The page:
We step into my studio after our date, and I hurry to my closet to get a sweater. He walks over with me and peers into the dark, cluttered space.
“What’s in that box?”
He points to a white moving box on the top shelf next to a basket of blankets.
I blush, and my heart thumps nervously.
“Oh, it’s nothing. Just stuff from when I planned my wedding.”
I say it casually — carelessly — but he knows.
“It’s not nothing,” he says, his voice full of understanding. “That box is full of significant things.”
We’re silent for a bit. I’m remembering how I would often take the box down in the months following my broken engagement. I would slowly unpack it, looking through receipts, lists, and a few wedding gifts that were somehow never returned. I would hold each item and remember how I had said yes to the man who had asked for my love, and how God had said, “No.” No, to a husband; no, to a family; no, to a home of my own.
And in the following years he had said no to good health — to traveling, working full time, and continuing my seminary education. I often didn’t have the heart to ask for anything specific from God.
I sigh deeply and look over at my date. He smiles.
After he leaves, I ask God to direct our relationship. And then, timidly, I ask him to give me a husband one day.
For months my prayers are courageous and risky.
And then, one night, I’m driving home alone, and I’m single again. My date and I have broken up. I’m relieved because God has answered my prayers for direction, but my shoulders are sagging. God has said no, again, to my boldest, most vulnerable prayer for a husband and family of my own.
The next day I’m reading the Sermon on the Mount, and I’m struck by Jesus’ words:
“Which of you,” he asks, “will give your son a stone when he asks for bread? Or will give him a snake when he asks for fish?
“If you, who are evil, know how to give good gifts to your children, then how much more will your heavenly Father give good things to those who ask?!”
I lean back in my chair, and I think about the ways God has shown us he keeps his word.
I think of the rains that flooded the earth, just like God said they would. I think of the baby that kicked in Sarah’s womb, just like God said it would.
I think of the water that gushed from a rock, the walls that crumbled from the blast of trumpets, the ravens that fed Elijah in the wilderness, and the Messiah who came to save the world.
It’s true: God is a promise-keeper. And in his Sermon on the Mount, he promises to give his children good gifts — the best gifts. And I’m his child, and here I am nearing thirty and still single, and could it be that this alone-ness is … one of the best gifts?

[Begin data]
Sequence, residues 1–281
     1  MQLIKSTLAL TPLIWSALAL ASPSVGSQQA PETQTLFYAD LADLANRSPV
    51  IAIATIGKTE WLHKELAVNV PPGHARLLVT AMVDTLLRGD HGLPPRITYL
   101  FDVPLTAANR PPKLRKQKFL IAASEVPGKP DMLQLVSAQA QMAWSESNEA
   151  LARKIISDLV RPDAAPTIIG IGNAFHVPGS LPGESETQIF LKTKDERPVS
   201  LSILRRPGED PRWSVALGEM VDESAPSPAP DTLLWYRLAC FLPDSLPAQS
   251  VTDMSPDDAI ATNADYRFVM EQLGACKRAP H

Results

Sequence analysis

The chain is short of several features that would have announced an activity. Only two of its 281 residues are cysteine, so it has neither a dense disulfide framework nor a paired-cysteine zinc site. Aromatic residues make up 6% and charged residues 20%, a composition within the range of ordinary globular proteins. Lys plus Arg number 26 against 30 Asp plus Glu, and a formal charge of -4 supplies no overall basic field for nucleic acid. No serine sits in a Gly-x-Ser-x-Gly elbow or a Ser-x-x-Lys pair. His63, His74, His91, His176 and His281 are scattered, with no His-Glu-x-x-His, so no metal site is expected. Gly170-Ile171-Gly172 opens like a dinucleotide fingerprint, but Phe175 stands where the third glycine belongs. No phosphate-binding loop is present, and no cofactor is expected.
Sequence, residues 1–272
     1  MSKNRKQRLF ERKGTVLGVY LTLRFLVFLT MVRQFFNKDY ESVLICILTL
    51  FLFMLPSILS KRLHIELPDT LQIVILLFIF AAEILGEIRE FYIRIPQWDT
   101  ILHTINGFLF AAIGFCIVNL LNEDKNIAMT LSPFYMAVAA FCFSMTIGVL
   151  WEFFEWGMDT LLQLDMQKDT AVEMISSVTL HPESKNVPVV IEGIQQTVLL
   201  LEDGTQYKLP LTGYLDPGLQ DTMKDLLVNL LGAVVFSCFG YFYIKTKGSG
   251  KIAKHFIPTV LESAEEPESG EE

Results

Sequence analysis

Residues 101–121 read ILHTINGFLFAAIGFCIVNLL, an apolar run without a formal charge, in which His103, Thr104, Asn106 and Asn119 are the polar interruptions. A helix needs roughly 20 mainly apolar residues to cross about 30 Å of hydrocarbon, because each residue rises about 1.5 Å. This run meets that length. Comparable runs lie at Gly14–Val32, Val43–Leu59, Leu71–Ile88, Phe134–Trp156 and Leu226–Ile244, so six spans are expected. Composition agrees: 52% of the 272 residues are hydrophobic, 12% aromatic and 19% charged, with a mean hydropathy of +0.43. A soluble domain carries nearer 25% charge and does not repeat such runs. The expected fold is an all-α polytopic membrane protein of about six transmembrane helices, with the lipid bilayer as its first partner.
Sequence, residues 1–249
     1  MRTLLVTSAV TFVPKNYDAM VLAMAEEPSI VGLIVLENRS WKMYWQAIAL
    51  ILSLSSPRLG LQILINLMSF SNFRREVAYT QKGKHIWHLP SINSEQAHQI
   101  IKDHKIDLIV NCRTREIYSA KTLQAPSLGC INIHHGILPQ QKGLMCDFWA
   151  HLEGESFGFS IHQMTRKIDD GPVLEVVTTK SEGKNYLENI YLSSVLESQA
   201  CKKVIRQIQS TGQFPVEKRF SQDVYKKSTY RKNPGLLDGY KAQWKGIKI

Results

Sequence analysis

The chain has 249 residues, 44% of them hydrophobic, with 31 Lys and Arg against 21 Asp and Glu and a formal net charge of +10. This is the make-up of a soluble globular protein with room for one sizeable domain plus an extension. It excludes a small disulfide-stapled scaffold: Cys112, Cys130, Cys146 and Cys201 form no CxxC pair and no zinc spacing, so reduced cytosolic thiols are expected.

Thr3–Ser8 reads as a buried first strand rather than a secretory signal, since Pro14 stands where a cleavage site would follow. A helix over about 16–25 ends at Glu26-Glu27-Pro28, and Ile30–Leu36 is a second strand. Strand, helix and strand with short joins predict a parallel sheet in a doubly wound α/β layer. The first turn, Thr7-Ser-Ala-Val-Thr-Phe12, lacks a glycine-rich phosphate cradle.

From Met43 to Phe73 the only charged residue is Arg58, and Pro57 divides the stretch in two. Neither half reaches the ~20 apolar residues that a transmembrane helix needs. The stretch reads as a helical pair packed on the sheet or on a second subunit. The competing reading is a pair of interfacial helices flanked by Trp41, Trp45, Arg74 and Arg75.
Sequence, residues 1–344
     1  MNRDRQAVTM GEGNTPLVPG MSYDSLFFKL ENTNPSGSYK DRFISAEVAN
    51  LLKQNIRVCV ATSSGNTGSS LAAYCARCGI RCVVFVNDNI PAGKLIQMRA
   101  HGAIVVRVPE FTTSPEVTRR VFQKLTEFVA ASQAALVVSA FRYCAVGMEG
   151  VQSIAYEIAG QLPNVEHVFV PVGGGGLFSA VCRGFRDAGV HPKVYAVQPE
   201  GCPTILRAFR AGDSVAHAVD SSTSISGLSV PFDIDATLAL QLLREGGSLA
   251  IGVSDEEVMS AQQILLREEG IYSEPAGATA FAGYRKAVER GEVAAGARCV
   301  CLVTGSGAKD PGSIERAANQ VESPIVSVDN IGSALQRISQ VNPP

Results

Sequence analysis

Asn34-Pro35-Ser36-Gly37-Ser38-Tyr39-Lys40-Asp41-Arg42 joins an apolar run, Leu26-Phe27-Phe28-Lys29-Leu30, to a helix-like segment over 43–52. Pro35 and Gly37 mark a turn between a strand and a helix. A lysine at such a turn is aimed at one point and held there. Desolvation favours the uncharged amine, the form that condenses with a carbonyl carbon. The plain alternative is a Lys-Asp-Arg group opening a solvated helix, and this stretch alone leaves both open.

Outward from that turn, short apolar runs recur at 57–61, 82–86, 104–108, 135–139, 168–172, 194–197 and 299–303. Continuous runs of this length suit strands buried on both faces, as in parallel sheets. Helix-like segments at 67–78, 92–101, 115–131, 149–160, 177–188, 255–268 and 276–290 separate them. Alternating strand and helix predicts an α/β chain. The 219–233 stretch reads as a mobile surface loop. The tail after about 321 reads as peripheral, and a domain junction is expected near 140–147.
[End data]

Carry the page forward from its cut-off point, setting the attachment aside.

But a husband, a family, a home — didn’t God create me to want these things? Would it be so bad for him to satisfy the wanting?
Now my mind is racing to the rhythm of David Crowder Band’s How He Loves. That one line is still in my head after a week of trying to sing something else:
“He is jealous for me.”
The Old Testament affirms it: Yahweh has established a permanent, exclusive covenant with his people, and compared it to a marriage. He is the husband to his people; we are his bride.
He’s not insecure, or abusive, or envious for something that doesn’t belong to him. He wants relational faithfulness. He’s jealous for our love, the way a lover is jealous for his wife’s undivided affection.
He wants our whole hearts because he’s ultimately jealous for his glory. And the God of Israel is most glorified when his people are most fully alive — when we experience truest intimacy, pleasure, belonging and wholeness, because this is what he intended for us.
He knows we can only experience these things in him.
So the best gift he gives us is Himself.
But he cannot give Himself to us if our hearts are not alive to him, for a Lover never forces himself on his beloved.
And I think I know that marriage and a family would be the best possible way he could teach me to love him with my whole heart, so that I can have more of his heart.
But the God of Israel is a God who sees. He sees every thought we think, and step we take. And he knows what will prompt our hearts to push further up and further in to his heart.
He knows when marriage, children, health, and financial stability will push us toward him. He knows when singleness, barrenness, illness, and poverty will push us closer still.
And this knowing pulls me back. I close my bible, let my lips pick up the words of How He Loves, and then it hits me that my wedding box, and my recent break-up, and the loneliness that visits when the table is set for one are all proof of God’s jealous guardianship of me.
And in my secret heart, I find myself smiling — a child quietly delighting in good gifts from her father.
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